Human Capital & Careers

Sun Uses Incentive Compensation to Boost Supply-Chain Perfomance

A former Sun Microsystems employee gives an inside view of how the company ties on-time delivery, inventory turns, and customer satisfaction into pay.
Jennifer CaplanMarch 26, 2001

You can spend millions on enterprise resource planning (ERP) software. But unless employees throughout the business use new technologies effectively, the potential efficiencies may be lost.

So how can senior managers get employees to buy into E-business initiatives?

By paying them for it.

To be sure, companies have long reserved incentive compensation plans for senior executives, salespeople and others who directly affect revenues and earnings. But now, some are extending incentive plans down through the organization.

Corporations have also begun linking compensation packages to broader operational metrics like customer satisfaction, inventory turns, and cycle times.

“Incentive compensation plans used to be just for salespeople,” says Mark Stiffler, president and chief executive officer of Synygy, a provider of enterprise incentive management (EIM) software. They are now being rolled out to include most company employees, he adds.

The benefits of using compensation as a way to pushing through initiatives, that can increase corporate performance, such as E-business, seem to be catching on with CFOs.

“We get business from finance departments, especially, that recognize the big potential return on investment,” comments Stiffler.

Bob Ferrari, senior research analyst at AMR Research, says incentive compensation plans are increasingly being linked to E-business initiatives. “This is a new concept that will catch on eventually,” he claims.

Ferrari, a former employee of Sun Microsystems, says Sun is on the cutting edge of incentive compensation. At Sun, pay is predicated not only on traditional metrics, like profitability and revenue, but also on customer satisfaction, he adds.

“Sun has a quite intricate customer-satisfaction index—a combination of on-time delivery to customers, return rate, and other quality metrics,” he comments.

Within Ferrari’s business unit at Sun, compensation metrics was weighted toward the supply chain, he says.

“On-time delivery, inventory turns, [and] customer satisfaction were all tied into pay,” Ferrari says. At the start of each year managers clearly laid out the performance metrics by which his unit would be measured and the specific ways in which employees could contribute to those metrics, thus potentially increasing their total pay, he adds.

“If our unit was going to put in an application, such as [an] SCM application, that was intended to impact inventory turns across the division, the incentive portion of employee compensation was predicated on that business metric being achieved,” says Ferrari.

A Sun spokesperson declined to comment on the specifics of the company’s incentive compensation program for “competitive reasons,” saying it is sensitive information. But she generally confirmed Ferrari’s account.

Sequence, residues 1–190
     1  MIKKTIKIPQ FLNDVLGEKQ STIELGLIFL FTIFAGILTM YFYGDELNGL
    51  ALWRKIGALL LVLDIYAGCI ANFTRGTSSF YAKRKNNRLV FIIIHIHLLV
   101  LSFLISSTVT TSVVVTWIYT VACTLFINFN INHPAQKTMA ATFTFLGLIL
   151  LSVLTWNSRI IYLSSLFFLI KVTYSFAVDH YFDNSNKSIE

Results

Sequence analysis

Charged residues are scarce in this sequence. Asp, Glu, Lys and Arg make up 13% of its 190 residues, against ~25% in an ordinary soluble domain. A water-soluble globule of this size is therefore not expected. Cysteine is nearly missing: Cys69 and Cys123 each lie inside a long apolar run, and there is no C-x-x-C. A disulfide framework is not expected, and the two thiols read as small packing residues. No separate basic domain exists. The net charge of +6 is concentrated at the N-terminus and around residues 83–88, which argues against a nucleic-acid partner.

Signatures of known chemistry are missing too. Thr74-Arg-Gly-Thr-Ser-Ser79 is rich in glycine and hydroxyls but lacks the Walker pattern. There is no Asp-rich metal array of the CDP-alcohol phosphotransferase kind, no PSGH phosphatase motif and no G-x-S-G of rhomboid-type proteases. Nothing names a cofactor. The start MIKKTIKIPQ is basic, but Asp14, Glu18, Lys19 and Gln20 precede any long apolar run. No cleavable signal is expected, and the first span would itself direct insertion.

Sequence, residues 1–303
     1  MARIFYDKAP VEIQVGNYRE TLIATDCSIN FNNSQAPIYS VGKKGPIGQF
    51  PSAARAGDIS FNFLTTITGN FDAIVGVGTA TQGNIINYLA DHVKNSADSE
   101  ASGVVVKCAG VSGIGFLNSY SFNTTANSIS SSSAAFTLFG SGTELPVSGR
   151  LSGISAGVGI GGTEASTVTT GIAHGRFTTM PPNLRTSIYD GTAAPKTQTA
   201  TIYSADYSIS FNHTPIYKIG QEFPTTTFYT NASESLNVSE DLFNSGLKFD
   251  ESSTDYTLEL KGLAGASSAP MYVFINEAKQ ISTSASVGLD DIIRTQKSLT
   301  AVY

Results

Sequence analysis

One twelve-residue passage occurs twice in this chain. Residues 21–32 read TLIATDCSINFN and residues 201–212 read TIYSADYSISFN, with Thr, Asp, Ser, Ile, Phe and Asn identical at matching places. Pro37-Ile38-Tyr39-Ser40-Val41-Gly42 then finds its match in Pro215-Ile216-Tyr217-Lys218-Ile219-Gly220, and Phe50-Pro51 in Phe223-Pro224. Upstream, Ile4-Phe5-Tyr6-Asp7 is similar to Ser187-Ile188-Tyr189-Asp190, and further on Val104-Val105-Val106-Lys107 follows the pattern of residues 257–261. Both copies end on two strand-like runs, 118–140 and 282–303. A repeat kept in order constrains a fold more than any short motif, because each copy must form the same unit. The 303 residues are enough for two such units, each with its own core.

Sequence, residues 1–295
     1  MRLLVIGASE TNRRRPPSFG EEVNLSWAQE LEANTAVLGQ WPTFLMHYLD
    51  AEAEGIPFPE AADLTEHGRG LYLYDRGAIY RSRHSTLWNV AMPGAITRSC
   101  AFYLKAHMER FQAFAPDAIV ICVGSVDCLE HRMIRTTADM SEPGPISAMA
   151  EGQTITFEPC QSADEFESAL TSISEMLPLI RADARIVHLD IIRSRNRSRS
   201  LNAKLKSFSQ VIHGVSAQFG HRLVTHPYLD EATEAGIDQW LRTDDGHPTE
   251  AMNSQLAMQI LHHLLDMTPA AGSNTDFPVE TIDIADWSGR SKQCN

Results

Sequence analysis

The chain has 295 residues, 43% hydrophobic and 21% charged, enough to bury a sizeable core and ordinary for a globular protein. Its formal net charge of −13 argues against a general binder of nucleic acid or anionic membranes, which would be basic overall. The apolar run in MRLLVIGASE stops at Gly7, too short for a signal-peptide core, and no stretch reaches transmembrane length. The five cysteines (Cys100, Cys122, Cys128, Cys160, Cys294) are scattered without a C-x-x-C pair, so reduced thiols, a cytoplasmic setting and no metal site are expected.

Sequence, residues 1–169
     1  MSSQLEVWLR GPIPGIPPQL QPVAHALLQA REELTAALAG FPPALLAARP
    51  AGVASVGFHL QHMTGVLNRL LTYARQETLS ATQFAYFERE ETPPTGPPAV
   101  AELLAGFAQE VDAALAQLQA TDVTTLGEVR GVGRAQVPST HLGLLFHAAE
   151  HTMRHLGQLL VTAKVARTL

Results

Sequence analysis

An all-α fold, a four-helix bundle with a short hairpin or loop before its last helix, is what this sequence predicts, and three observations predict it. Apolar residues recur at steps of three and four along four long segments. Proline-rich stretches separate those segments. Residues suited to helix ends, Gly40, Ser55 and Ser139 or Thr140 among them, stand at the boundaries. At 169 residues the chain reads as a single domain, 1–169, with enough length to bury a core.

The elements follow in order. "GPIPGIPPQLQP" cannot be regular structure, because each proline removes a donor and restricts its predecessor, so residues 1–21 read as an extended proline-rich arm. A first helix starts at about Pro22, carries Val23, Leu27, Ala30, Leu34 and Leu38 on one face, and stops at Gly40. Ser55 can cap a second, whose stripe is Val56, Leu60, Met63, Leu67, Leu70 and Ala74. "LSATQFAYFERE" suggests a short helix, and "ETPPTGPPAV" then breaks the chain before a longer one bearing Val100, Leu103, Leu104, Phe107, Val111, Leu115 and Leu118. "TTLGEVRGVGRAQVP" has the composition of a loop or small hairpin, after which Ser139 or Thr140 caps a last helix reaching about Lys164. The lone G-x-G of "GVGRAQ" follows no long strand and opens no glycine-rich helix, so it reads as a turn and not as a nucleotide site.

“Once compensation is tied to specific metrics being met, things begin to happen,” says Ferrari. Things become very clear for people, and they become more interested in the ways they can affect the metrics driving the overall business strategy, he adds. Incentive programs can thus be an effective means of aligning processes with corporate goals.

“My experience is that [incentive compensation] tends to modify behavior very quickly,” asserts Ferrari.

A 1999 study by compensation consultants Towers Perrin found that 40 percent of 770 American companies surveyed offer some form of incentive-based compensation to all their employees, not just salespeople or upper management. And Hewitt Associates survey found last year the 78 percent of the 856 businesses polled have at least one type of variable pay plan in place, up from 70 percent in 1999 and 47 percent in 1990.

Besides rolling incentive compensation plans out to more employees, companies are also making them more complex.

“These plans now include many different measures of performance and a wider variety of data,” says Stiffler.

Today companies can get large amounts of accurate data about inventory turns, cycle time, delivery performance, and customer satisfaction that they couldn’t get in the past, he contends. The newly available data stems from supply chain management (SCM) and customer relationship management (CRM) applications.

Companies now have the information they need to measure employee performance and thus link compensation more effectively to it.

There’s one potential pitfall of tying pay to performance, however. Because companies often cut base salaries when they institute incentive compensation plans, employees could become uncomfortable with having their salary linked to metrics that may or may not be met, and they may leave, says Synygy’s Stiffler.

“But the flip side is maybe you want to lose those people anyway,” he contends. “That’s the deadwood.”

To be successful, an incentive compensation plan done in connection with an E-business initiative must be accompanied by extensive education and training, says Craig Ulrich, a principal at William M. Mercer, Inc., a human-capital consulting firm. “First there is education and training that needs to go on, separate and distinct from compensation,” he says.

If employees are not convinced of the concrete benefits of new systems and how they affect E-business initiatives, then an incentive compensation program will not be very effective. For E-business projects to be successful, companies must also have a clear understanding of how their work processes will become more efficient as a consequence of their investments.

Only when these steps have been taken can companies begin to tie the success of E-business initiatives to employees’ paychecks, Ulrich cautions.